AstraZeneca on course for pharma modal shift to ocean from air

Pharmaceutical giant AstraZeneca (AZ) is still on course for a modal shift from air to sea that will see 70% of its products transported by ocean within two years.
But Julian Wann, global category manager, freight and logistics at AZ, said airfreight will still have an important role to play in its global supply chain.
Wann told an Air Cargo News pharma conference in London: “As we evolve, our business is going to change but we will still need to have airfreight.
“Our business driver, though, is to maintain that growth in ocean freight, and we still intend to get to 70% of volumes by sea in the next 12 to 18 months, if we can.”
Ocean freight has been slowly gaining market share versus airfreight at AZ, building on a less than 40% share in the past two years.
Wann, speaking at the life science and pharma conference, said that AZ had moved a total of 21,000 tonnes of freight across all modes in the first ten months of 2015, a 20% increase on the same period in 2014 due to two large production sites opening in North America and new product launches.
Airfreight accounted for 52% of that year to date tonnage and 85% on a per shipment basis, while ocean was around 48% by volume and 15% by shipment count.
Wann said that the modal shift will be achieved in “different ways”, adding that the pharma giant has “plans in place” which had already seen ocean account for 60% of shipped products during certain periods in 2015 due to fluctuations in demand and manufacturing constraints.
“We have reverted back [to airfreight], but it shows that ocean freight is important to us because it works very well, although we still have a requirement for airfreight.”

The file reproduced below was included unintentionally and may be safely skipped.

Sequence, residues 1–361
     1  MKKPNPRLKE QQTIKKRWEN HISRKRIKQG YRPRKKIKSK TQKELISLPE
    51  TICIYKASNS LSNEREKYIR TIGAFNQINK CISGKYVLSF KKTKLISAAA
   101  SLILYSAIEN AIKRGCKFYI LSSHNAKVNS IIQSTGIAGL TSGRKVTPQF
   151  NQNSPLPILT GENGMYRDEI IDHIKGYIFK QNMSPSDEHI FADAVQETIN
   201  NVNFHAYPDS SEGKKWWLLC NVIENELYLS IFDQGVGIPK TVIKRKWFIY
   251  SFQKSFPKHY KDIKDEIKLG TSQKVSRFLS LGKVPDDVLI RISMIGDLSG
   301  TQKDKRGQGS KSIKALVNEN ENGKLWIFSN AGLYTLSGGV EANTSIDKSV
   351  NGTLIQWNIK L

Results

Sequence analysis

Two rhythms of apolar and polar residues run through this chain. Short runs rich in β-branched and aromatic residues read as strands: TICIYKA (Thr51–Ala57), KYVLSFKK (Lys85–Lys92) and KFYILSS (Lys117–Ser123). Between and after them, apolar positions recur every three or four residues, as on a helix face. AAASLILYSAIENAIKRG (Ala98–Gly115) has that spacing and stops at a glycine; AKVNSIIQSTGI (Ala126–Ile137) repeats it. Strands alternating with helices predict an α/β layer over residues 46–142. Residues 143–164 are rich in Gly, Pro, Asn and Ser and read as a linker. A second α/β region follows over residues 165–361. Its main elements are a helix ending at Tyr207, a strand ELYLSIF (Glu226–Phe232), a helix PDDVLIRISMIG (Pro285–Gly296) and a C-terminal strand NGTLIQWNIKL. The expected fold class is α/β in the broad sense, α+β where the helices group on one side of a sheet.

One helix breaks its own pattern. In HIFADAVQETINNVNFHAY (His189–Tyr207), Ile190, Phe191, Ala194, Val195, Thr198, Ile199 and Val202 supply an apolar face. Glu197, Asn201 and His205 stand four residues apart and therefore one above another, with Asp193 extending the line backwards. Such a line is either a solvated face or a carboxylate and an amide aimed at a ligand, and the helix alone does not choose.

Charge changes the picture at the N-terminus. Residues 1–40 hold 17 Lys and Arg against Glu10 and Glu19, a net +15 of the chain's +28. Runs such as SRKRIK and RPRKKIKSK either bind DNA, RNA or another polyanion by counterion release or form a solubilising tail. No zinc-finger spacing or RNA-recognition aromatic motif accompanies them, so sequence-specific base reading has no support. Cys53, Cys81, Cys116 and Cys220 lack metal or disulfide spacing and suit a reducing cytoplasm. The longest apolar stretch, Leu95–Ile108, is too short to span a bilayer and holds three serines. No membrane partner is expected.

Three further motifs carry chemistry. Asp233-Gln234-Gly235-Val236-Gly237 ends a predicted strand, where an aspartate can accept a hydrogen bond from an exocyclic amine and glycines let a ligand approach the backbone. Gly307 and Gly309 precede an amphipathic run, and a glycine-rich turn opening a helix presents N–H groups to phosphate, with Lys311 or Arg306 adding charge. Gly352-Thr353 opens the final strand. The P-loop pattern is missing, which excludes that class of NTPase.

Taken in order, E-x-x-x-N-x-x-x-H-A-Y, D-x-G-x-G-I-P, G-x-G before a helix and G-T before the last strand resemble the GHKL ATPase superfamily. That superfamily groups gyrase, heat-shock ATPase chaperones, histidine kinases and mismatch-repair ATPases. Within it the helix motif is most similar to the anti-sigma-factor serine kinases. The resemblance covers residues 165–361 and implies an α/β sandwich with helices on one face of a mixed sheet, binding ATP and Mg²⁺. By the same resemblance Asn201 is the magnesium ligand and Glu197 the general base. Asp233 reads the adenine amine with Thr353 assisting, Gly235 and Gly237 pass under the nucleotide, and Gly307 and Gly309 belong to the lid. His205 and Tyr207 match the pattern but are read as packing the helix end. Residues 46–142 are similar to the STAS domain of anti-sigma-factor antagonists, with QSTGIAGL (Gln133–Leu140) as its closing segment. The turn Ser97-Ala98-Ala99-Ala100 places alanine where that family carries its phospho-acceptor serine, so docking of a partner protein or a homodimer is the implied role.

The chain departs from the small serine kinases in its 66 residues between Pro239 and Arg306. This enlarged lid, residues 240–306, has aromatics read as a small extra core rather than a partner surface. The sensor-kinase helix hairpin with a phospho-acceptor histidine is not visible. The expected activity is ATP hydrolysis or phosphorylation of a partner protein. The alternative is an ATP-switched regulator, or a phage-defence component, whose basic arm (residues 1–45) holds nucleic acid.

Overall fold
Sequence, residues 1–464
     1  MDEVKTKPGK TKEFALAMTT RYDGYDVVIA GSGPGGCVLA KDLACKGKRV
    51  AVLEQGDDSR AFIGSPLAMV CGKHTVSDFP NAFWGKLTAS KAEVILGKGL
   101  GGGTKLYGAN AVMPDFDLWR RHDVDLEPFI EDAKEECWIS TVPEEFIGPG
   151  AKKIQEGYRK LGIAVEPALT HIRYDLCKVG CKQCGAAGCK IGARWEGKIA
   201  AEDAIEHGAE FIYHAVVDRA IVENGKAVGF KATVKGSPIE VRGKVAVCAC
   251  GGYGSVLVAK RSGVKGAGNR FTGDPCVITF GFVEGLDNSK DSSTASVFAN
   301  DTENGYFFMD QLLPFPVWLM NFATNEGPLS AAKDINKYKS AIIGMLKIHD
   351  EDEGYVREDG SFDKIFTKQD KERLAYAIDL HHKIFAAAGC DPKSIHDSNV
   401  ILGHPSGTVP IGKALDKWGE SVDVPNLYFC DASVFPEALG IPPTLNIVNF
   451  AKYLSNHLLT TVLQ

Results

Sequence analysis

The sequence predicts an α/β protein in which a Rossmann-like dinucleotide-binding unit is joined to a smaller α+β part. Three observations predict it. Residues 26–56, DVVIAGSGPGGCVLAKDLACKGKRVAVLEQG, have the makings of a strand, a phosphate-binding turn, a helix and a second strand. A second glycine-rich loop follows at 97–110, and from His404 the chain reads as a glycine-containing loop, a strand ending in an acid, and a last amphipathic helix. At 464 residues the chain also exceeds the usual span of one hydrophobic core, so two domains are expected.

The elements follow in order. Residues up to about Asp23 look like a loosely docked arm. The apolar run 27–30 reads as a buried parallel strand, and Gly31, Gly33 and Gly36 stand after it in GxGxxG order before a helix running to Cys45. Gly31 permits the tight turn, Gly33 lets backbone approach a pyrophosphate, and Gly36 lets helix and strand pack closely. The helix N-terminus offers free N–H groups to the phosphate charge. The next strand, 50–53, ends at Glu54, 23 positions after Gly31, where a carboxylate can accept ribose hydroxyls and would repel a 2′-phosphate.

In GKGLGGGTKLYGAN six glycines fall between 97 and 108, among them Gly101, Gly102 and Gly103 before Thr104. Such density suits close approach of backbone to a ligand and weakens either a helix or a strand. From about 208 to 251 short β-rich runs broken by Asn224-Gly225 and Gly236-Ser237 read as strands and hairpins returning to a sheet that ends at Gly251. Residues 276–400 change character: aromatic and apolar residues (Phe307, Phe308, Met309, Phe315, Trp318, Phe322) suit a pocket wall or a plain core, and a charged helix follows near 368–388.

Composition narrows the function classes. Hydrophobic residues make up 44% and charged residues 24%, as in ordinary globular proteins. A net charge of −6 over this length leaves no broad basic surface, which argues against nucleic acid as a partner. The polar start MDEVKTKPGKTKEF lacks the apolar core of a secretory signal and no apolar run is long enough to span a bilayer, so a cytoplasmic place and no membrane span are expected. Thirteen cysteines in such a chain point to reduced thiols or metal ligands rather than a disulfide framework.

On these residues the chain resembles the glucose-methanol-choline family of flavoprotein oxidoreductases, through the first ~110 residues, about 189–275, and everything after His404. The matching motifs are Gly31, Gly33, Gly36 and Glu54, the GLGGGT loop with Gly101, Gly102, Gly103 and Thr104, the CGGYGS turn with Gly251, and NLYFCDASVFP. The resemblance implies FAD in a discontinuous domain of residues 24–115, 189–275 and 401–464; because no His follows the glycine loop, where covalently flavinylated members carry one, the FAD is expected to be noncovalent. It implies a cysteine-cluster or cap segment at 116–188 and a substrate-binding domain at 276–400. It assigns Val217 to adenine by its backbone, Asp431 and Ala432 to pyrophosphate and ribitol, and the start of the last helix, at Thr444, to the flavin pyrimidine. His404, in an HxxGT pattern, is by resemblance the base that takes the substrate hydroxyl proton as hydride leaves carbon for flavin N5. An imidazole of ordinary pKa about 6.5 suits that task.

He told the audience of air cargo industry executives: “We will still reliant on you. But our aim is for a minimum of 50% by ocean, with a 70% share still the target.”
Wann, who has been critical of air cargo services for pharma products, especially due to temperature spikes or ‘excursions’ along the global supply chain, said that there had been an improvement in performance over the past 12 months.
“We still have a lot of excursions and more than we would like, both by air and sea. We have done a massive amount of work in having this problem visible: where did it occur, how did it occur and why did it occur?
AZ has invested “a huge amount of time and effort” in monitoring temperature ranges along the supply chain, working with third party logistics providers and carriers “to help us get an understanding of why so many and how we got so many”.
Alarms, defined as temperature excursions that require detailed investigation, still account for around 12% of those monitors placed in shipments.
In the period under review there were 25,000 excursions by air, of which nearly 7,000 were defined as alarms, compared with 1,700 by ocean, of which 300 were defined as alarms.
Wann said that the results for airfreight were not a surprise, because the company puts more monitors on airfreight shipments, but added: “Seafreight is better for many reasons, for example being more controlled and so the opportunity for things to go wrong is reduced.  
“We still see a significant amount of excursions [with ocean] but we do not see any product write-offs because of it, which is a big plus for us.
“Are we still seeing product losses through airfreight? Yes we do, for many reasons, but it is reducing, which is good.”
In a modal shift trend that is worrying for airfreight, Wann said that the usual transfer from air to ocean for a new product often “takes years”, but with a recent launch of a major new medicine some 80% of volume was going by sea within ten weeks.
“In terms of mode shift, we used to have to write a business case to change from air to ocean freight but our supply people now have to consider the business case to keep it on airfreight.”
Wann added that senior management within AZ see ocean freight as dealing with the problems in managing the supply chain, “in terms of control and quality they see [ocean] as our mode of choice.”

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